Trying to get back into the swing of things after a full week of traveling and teaching. I am so thankful to Dr. Kruger, Dr. Newheiser, and the folks at RTS Charlotte for the opportunity to teach both in a community-oriented lecture series, and in the Master of Arts in Christian Counseling classes, both were tremendous privileges. In addition I got a chance to reconnect with Jim and Caroline Newheiser and visit the Billy Graham Library. Wednesday I flew to Fort Worth, Texas were I participated in the Association of Biblical Counselors annual “Called To Counsel” conference. This year saw a new format which I believe could be a game-changer for the Biblical Counseling movement. If you’re familiar with the Biblical counseling tribe then you know our events tend to go one of three directions.
1. A specific topic in which a variety of speakers will weigh in on.
2. A specific path, such as foundational elements or advanced training, in which a variety of speakers will give you general information toward a goal like certification, or supervision.
3. A Pot-Luck of content in which a variety of speakers present a diverse array of topics, approaches, and methods.
This year A.B.C. deviated from past models by offering specialized tracks based on counseling issues. So, participants shared in four plenary sessions on the broader category of counseling and then choose one of six specialized tracks to attend throughout the event.
Plenary Sessions Included
Counsel from the Word with Dwayne Bond
Counsel at the Cross with Elyse Fitzpatrick
Counsel to the Heart with John Henderson
Counsel for God’s Glory with Chris Freeland
Track Options Included
Introduction to Biblical Counseling
Post Traumatic Stress Disorder
Equipping Counselors in the Church
I was so excited to participate in the domestic abuse track and to be partnered with two incredible people.
Greg Wilson is a tremendous counselor who is highly invested in reducing violence against women and holding abusers accountable. He serves as a deacon at his church where he is developing policies and responses to domestic abuse. I believe Greg will soon be the “go-to” on church-based responses to domestic abuse.
Kathy Haecker is also an outstanding counselor who served for fifteen as a victim advocate within law enforcement. Her passion and experience in the field combined with her deep love of the Scripture make her one of the most skilled and unique advocates I’ve ever worked with.
Our time was divided into eight one-hour sessions. It was a challenge to decide what to include in our track but I believe that we delivered the most complete and nuanced training in the Biblical Counseling movement to date on the issue of domestic abuse. Our sessions broke down as follows.
What is Domestic Abuse with Chris Moles: I walked participants through an introduction to the week’s material by identifying what we were talking about and what we were unable to talk about. I also provided definitions, common elements, statistics, and key examples of abuse.
Theological Considerations: Greg helped us think through the necessity of developing a theology of oppression, recognizing the centrality of the image of God in this work, the dangerousness of hyper-headship/patriarchy, and the value of Biblical complimentarity.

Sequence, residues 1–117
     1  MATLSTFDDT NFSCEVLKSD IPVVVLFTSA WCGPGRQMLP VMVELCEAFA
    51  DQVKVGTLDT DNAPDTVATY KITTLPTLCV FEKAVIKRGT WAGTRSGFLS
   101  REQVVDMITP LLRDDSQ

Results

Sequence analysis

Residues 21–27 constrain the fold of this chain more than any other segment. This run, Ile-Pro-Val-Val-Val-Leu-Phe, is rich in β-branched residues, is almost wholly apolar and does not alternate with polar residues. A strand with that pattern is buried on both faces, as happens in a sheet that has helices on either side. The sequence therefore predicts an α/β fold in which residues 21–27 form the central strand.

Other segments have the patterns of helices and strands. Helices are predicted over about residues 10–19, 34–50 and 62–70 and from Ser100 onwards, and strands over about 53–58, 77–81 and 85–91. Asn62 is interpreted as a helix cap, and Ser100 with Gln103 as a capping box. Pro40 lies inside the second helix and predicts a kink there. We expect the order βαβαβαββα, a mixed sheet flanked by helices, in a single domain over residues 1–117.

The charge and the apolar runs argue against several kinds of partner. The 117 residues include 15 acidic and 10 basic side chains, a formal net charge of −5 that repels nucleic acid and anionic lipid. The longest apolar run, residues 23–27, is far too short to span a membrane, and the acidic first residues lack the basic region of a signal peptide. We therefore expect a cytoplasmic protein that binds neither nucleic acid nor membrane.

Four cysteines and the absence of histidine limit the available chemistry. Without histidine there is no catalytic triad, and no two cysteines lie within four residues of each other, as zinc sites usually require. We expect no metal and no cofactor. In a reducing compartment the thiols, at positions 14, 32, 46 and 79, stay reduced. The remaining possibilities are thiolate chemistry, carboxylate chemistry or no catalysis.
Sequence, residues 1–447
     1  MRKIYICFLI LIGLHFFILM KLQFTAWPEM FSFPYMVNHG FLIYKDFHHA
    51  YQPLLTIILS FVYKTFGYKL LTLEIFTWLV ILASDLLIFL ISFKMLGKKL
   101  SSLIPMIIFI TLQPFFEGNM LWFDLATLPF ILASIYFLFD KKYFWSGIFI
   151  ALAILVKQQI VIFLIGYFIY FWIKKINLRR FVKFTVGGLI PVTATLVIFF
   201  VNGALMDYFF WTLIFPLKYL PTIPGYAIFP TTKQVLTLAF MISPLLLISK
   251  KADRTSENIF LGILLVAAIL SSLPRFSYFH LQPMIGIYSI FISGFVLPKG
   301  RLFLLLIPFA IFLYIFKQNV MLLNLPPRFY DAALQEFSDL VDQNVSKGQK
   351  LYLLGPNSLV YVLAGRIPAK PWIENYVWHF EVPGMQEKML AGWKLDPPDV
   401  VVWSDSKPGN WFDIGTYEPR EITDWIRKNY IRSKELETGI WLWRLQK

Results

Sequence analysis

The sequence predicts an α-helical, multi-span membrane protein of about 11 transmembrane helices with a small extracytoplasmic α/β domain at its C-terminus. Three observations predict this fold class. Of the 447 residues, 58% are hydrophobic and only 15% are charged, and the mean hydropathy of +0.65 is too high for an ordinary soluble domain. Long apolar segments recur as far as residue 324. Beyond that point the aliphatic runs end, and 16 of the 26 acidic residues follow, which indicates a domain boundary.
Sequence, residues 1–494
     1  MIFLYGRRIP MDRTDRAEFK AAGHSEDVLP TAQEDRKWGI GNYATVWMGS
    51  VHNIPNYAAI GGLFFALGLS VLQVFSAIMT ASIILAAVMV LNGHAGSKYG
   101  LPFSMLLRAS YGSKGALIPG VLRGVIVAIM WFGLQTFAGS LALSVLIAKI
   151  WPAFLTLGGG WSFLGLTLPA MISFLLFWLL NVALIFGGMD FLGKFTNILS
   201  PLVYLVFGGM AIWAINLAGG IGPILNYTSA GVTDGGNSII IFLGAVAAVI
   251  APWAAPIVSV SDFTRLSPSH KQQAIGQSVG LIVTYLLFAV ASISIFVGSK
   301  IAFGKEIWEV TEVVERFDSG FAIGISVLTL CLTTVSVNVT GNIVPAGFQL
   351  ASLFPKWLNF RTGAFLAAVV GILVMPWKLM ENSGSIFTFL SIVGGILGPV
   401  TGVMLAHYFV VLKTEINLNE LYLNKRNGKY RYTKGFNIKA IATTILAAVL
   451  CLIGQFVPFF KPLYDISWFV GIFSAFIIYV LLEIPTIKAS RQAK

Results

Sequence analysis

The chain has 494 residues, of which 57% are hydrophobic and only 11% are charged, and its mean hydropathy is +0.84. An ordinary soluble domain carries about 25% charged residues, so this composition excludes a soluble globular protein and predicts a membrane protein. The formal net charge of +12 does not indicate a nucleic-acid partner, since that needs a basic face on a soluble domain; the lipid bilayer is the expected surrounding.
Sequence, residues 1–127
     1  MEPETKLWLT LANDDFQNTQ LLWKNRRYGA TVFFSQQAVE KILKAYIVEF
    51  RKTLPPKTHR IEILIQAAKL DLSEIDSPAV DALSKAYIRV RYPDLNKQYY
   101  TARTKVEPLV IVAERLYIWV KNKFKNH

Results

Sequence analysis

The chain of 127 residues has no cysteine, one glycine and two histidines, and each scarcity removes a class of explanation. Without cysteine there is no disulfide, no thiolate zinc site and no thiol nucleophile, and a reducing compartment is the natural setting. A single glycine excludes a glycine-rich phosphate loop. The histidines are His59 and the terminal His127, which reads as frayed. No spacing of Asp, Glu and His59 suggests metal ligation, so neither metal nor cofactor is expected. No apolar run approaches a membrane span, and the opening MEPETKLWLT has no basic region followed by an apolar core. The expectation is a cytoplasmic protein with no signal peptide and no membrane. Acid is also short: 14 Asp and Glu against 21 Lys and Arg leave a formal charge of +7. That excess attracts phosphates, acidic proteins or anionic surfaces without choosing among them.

Responding to Victims: Kathy reminded us that Jesus, himself, was a victim of family violence as his children tortured, and murdered him. She then carefully walked us through a relational, victim-centered, biblical approach to care. I have set through countless victim-care lectures in my time and this was, by far, the most complete and most beneficial I have heard.
Responding to the Perpetrator: Greg and I teamed up to deliver material on working with abusive and destructive men. We offered participants some foundational reminders as well as high profile case studies. Greg showed us the distinctions between godly sorrow and worldly sorrow and I walked us through a brief explanation of one the exercises I use.
Separation, Divorce, and Abuse: I have been asked many times to present on this topic but always refused. My thought was this should be addressed by a theologian, or scholar but the the team felt strongly that I could tackle this topic. I walked us through the common divorce Scriptures and built a cas for divorce as tool, given to men by God, for the protection of women.
Legal Issues: Kathy brought her law-enforcement experience to the table and gave clear, concise distinctions between criminal and civil domestic cases as well as tons of great resources. The church is often in the dark regarding social services and court restrictions. This session served us very well.
In Her Shoes: Those of us who have done this work within the larger culture may be familiar with the in her shoes experience but not so much within the church. In fact, I have participated in this exercise many times, but this was the first time I did it in a Christian settings. Participants spent the hour traveling to various stations as a victim of domestic violence. Character cards were distributed to each participant and they made choices which led them to new experiences. Some were injured (make-up), some burdened with baggage or children (bags of flour), and some died. This was an emotional and tremendously beneficial time.
Debrief: We concluded our time with a panel discussion about what we learned and experienced through session seven and how we can apply the lessons of the week.
I can’t say enough good things about this conference. Dr. Lelek and his team have brought a tremendous gift to Biblical Counseling world. If you are a Biblical Counselor and you are looking for a conference to attend, mark “Called to Counsel” on your calendar for 2019.